The reputation of Connecticut’s Judicial Branch is tarnished by the present fee waiver system.  Indigents brining these frivolous claims are not persuaded that their cases have no merit by virtue of the fact that no legal service agency or private attorney will take their cases.  As a result, they file them pro se on fee waivers because they truly believe in them.  When their cases lose or are dismissed, some have taken to the Internet to rail against the courts and the judges who made the rulings.  Sylvester Traylor has a site in which he blames Judge Parker and the court system for the dismissal of his medical malpractice case.  He has filed numerous complaints against court clerks, court marshals, judges and private attorneys.  This system has encouraged him to believe that everyone is against him.  As a result, employees of the Judicial Branch are made to suffer because the system provides an incentive to bring frivolous claims and when those claims fail the litigants are blaming the state and its staff for the results in a case that had no merit at the outset.
The present fee waiver system results in the unintended consequence of the state encouraging litigants to waste their lives on frivolous litigation.  Time is equally a scarce resource.  President Lincoln once characterized his time as his “stock and trade.”  The serial filers are being given false hope under the present system to waste their lives on the unproductive and fruitless pursuit of frivolous litigation.  The serial filers have wasted years of their lives on frivolous lawsuits and that time could have been directed at more productive pursuits.  The present system encourages not only false hope, but it encouraged beating the dead horse of a losing case all the way up to the highest courts.  It is a disservice to the indigents themselves to give them this false hope.
The most egregious unintended consequence of the present fee waiver system is that it instills fear and chills free speech.  In attempting to get support for this bill, I spoke with one head of a town and was told that this person would like to provide testimony to the committee, but fears that it will just result in yet another lawsuit.  This is a response I have received time and again in making contact with the various victims of the serial filers.  This was also the same response that Eric Parker and Monica Buchanan received in researching for their investigative stories that appeared on WFSB and WVIT.  It is troubling that in a state which gave birth to fundamental freedoms the present fee waiver system instills such fear.  It is not a fear based on the fact that these individuals have done wrong.  Rather, it is a fear that they will have to bare costs they can ill afford.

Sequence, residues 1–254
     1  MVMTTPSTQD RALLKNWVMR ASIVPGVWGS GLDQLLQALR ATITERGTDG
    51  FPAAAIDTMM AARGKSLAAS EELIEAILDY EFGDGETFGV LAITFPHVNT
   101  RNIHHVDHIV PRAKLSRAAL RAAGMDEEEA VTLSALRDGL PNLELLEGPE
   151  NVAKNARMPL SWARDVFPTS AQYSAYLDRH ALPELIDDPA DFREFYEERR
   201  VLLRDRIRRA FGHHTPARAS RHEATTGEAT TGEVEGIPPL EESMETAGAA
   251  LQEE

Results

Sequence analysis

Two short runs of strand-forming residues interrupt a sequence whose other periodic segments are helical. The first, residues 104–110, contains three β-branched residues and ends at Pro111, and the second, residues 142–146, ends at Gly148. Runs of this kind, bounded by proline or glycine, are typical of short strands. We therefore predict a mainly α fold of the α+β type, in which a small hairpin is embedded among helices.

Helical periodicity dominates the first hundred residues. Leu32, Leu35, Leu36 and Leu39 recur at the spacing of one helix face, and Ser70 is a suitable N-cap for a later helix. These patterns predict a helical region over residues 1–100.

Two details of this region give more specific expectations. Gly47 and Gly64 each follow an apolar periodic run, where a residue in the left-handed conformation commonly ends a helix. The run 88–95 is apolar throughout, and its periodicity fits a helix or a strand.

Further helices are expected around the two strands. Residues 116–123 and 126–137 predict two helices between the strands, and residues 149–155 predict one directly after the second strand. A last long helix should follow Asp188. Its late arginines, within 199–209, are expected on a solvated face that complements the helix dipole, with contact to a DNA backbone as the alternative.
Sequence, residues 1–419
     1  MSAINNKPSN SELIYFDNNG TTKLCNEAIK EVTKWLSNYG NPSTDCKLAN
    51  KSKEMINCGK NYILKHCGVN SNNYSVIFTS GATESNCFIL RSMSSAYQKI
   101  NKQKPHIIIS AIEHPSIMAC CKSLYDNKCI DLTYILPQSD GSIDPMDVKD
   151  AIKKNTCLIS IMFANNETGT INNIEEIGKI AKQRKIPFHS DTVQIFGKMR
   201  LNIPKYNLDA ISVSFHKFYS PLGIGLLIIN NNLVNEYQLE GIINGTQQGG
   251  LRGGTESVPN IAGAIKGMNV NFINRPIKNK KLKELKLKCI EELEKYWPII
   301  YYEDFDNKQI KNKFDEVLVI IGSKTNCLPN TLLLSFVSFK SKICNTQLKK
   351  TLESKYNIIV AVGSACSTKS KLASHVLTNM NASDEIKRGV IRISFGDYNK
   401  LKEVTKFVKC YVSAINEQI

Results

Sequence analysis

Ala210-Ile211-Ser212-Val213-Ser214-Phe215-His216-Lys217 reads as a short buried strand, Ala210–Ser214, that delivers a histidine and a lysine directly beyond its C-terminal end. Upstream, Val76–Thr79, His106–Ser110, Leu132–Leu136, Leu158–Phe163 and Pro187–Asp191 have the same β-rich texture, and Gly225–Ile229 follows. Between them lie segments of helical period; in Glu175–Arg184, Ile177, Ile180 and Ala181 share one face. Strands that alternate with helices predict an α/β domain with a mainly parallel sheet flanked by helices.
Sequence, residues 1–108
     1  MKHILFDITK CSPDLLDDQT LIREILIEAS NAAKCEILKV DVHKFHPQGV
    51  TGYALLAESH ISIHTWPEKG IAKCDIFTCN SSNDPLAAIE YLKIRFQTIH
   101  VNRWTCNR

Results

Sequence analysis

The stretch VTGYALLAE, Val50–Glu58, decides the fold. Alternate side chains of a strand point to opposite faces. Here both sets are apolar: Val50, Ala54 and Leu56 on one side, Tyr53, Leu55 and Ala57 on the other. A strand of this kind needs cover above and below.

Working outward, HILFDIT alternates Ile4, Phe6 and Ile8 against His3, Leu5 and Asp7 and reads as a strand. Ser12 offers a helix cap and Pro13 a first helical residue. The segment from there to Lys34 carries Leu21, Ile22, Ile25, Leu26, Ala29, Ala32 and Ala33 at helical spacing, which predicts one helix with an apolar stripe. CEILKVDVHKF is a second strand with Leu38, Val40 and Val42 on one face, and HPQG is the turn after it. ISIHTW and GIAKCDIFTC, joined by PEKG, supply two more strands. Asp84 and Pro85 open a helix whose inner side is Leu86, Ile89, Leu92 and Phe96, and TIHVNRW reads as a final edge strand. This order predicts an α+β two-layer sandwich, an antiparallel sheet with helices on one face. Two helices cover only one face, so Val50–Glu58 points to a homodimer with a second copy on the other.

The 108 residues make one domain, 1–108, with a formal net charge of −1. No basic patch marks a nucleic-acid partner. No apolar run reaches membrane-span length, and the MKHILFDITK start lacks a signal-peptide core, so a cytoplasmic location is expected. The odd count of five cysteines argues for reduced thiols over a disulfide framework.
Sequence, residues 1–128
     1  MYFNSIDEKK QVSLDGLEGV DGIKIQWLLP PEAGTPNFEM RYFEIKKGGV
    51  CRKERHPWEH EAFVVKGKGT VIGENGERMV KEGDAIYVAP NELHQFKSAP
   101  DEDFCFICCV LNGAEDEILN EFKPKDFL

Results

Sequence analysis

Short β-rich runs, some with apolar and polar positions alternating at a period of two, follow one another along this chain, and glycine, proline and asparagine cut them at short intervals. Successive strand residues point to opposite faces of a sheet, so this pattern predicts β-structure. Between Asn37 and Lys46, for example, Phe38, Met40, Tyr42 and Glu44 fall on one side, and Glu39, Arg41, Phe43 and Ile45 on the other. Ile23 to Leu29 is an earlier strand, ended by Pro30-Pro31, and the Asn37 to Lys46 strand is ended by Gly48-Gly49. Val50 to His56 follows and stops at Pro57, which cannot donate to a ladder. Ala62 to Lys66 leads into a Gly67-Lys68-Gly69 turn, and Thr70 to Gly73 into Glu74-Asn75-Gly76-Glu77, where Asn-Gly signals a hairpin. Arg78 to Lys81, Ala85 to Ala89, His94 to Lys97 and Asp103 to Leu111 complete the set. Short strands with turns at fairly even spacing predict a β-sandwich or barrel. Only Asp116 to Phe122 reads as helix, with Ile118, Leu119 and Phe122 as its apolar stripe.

The wisdom of the proposed reform is to put indigents on an equal footing with all others who do not have such unrestricted access to the courts as indigents have under the present system.  A community service requirement will encourage self-regulation and self-reflection before filing a lawsuit.  It provides a disincentive to file frivolous lawsuits.  The proposed bill will benefit local communities and charities.  It will ensure that the courts and state businesses are better directing their limited resources and not wasting them.
The fee waiver will still be available to litigants seeking it in cases where they want to file for money damages.  If the community service requirement presents a hardship to an indigent litigant, there is even a provision for a waiver of the community service.
A prior bill to reform fee waivers failed when it was put up by the Judicial Branch last year.  That bill would have allowed a judge to weigh the merits of the case before making a decision on a fee waiver application.  The present proposal is superior to the one put up by the Judicial Branch because it places the burden of evaluating a case on the litigant.  Those who have to pay the filing fees already have to self-regulate and evaluate the merits of their own cases by virtue of the fact that they have to pony something up.  The proposed reform puts indigents in that same position.  In that sense the proposed reform advances equal access to the courts.
It is fitting for Connecticut to reform the very system that was inspired by Connecticut.  The proposal is a creative and unique approach to address a problem that exist both here and nationally.  The halls of the Connecticut capitol are decorated with history around every corner detailing the men and women here who took risks on new ideas and took creative and innovative approaches to solve unique problems.  The proposed reform is unique and it will no doubt be watched nationally where it might also inspire reforms elsewhere.  More importantly, the proposed reform is reasonable.  Thank you for your time and please support advancing H.B. 6692 to become law.

Wyatt W. Kopp


  1. Gets my support! signed, Murphy's Bane

  2. This is why we have lawyers. So crazy people like this lady cannot bring a suit without probable cause. The problem is not fee waivers but people filing lawsuits without first checking whether the law gives them a right to sue.

  3. My letter in support:

    I support the concept behind, H.B. 6692, to prevent frivolous law suits. But, it needs to be crafted, carefully. Not everyone is physically able to perform community service and there are some low income people who have full time jobs and family responsibilities such that they may not have the time to do so. There also needs to be sanctions for people filing frivolous law suits and recourse for defendants in such cases. Please do not rush this through. Think it through carefully, weighing the benefits against potential consequences.